Monday. 3/2/2020

The Monocle Minute

Opinion / Tomos Lewis

Iowa’s raucous caucus

The Iowa caucuses take place later today and, as well as being the official curtain-raiser for the 2020 US presidential election cycle, they remain an electoral curiosity. At 19:00 local time tonight, voters will gather in town halls, school gymnasiums and even living rooms right across this vast, sparsely populated Midwestern state to choose their preferred candidate to take on Donald Trump in November's election. It’s a joyously simple and unfussy process. And although the results tonight won’t be binding, they are important for a campaign’s momentum, particularly when the field of candidates is as large and as diverse as it is this time around.

“This is a heavy, complicated knot of a moment for Democrats,” Sally Kohn, an author, activist and left-leaning political commentator, tells me, on the phone from New York. “It's a fight within fights – between a more status quo-oriented, corporate Democrat mentality and the more progressive, transformative wing. It's an existential conversation, in many ways.” This year's caucuses are different for another reason, too. Several candidates, including New York's former mayor Michael Bloomberg, have effectively eschewed campaigning in Iowa and New Hampshire, in favour of the states which vote later on in the primary cycle. That means that tonight’s results might not be as clear-cut as they first appear. “Bloomberg is going to remain a factor, going into Super Tuesday,” says the political commentator Linda Chavez, who served as an official under Republican presidents Ronald Reagan and George W Bush. “And he is, in fact, climbing in the polls. I think Donald Trump's supporters will be very happy to see Bernie Sanders come out on top, because they think he’s probably the easiest to beat. I’m not sure they’re right about that. But we’ll see what happens.”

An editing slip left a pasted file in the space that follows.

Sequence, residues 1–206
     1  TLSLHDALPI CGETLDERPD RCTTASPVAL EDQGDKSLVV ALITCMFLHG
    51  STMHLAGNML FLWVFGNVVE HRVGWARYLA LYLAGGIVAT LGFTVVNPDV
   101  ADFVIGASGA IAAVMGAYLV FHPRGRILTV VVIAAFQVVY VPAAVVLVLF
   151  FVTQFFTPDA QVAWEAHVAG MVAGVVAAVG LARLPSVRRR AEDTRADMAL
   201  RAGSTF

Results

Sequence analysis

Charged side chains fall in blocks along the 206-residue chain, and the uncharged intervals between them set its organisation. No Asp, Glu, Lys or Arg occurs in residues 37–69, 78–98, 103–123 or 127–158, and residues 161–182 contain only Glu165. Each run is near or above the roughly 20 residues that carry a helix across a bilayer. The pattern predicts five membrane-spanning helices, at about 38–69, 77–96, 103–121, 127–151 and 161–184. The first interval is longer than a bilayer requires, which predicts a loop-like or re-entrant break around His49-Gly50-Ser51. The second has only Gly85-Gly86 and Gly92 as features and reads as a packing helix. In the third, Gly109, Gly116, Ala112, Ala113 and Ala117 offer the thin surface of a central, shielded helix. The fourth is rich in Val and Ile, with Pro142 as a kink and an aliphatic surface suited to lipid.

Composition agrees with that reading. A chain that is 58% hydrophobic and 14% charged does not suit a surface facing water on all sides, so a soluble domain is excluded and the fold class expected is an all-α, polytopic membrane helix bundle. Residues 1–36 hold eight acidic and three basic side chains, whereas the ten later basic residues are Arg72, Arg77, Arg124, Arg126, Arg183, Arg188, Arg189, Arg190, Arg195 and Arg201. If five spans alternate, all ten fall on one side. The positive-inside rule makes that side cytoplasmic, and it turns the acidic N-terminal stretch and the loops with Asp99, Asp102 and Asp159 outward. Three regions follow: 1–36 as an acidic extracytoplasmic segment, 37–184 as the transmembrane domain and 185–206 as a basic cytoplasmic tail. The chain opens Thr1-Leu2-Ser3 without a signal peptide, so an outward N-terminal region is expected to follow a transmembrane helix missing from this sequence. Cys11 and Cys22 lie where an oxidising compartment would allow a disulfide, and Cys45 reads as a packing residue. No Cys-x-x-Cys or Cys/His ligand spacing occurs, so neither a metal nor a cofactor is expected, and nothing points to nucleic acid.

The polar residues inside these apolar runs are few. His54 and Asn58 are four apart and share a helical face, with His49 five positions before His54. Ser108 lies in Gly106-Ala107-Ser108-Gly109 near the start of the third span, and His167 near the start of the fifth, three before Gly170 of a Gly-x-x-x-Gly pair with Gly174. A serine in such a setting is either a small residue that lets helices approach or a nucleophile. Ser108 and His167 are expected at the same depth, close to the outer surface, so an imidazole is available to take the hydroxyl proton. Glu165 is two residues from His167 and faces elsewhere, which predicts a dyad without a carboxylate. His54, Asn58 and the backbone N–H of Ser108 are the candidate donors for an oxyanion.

If Sanders does win in Iowa later, as recent opinion polls suggest, but more centrist candidates take the second, third and even fourth spots, it may lead many Democratic primary voters elsewhere to conclude that a majority capable of beating Trump does in fact lie in the centre ground, and not on the party’s outer ideological flank. Whatever happens tonight, it really is just the beginning.

Geopolitics / France

Duty visit

French president Emmanuel Macron is set to make his first state visit to Poland today. Macron previously snubbed Poland on a trip to eastern Europe in 2017, shortly after his inauguration. Its leaders in the Law and Justice party (PiS) were, he said, citing the party’s attacks on the judiciary, insular and undemocratic. Evidently, times change and his mission today and tomorrow is to re-establish diplomatic and economic ties. With Brexit now “done”, Macron’s visit suggests the French leader is re-evaluating the balance of power on the continent. “He is clearly concerned about the rise of far-right populism,” says Dr Philippe Marlière, professor of French and European politics at University College London. He says that Macron’s ambitions to take the lead in Europe mean that, “This is simply realpolitik. He’s being a realist, he has to talk to everyone, including governments he doesn’t feel close to.”

Business / UK & China

Network of influence